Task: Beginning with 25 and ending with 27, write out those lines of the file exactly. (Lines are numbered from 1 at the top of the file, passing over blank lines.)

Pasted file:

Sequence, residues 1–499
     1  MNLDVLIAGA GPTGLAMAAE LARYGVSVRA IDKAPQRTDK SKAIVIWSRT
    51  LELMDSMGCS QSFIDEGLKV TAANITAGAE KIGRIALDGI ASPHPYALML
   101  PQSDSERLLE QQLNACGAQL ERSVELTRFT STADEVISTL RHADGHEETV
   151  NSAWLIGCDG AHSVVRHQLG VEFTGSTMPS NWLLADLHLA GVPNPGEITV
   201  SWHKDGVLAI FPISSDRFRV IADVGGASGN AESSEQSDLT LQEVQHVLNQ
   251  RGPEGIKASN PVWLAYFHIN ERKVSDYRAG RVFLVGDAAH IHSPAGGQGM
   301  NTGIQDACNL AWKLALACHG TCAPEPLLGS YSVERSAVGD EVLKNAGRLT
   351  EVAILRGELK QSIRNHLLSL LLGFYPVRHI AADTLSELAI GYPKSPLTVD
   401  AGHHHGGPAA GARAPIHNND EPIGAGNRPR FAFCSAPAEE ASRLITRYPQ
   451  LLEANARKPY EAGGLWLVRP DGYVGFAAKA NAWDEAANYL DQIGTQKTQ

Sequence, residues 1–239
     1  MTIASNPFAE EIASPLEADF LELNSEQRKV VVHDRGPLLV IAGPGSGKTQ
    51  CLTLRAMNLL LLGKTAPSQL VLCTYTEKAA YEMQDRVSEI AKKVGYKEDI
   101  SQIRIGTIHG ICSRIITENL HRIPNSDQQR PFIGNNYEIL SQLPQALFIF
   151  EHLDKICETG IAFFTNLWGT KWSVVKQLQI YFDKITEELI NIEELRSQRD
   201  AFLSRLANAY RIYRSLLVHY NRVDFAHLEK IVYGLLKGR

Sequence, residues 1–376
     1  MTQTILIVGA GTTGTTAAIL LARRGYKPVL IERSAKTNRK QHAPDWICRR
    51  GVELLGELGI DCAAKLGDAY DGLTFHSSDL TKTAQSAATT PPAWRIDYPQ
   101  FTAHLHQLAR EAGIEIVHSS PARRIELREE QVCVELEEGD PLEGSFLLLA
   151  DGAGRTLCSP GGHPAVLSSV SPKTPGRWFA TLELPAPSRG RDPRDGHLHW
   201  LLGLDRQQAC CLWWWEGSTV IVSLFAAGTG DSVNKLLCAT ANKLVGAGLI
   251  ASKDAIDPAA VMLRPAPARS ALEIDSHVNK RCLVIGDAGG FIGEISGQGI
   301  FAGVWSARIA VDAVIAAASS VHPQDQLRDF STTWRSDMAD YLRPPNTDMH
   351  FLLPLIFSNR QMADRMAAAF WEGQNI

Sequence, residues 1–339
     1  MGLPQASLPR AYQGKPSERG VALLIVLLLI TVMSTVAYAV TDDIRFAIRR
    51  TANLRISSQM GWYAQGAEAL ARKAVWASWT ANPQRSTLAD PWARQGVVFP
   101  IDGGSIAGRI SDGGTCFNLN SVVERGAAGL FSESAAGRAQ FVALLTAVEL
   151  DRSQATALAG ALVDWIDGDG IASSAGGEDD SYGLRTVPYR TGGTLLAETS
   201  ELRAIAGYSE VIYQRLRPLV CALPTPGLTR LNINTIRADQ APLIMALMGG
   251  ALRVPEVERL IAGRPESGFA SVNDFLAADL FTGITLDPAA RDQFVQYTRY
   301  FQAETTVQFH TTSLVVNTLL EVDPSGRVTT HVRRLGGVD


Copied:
   301  FAGVWSARIA VDAVIAAASS VHPQDQLRDF STTWRSDMAD YLRPPNTDMH
   351  FLLPLIFSNR QMADRMAAAF WEGQNI

Sequence, residues 1–339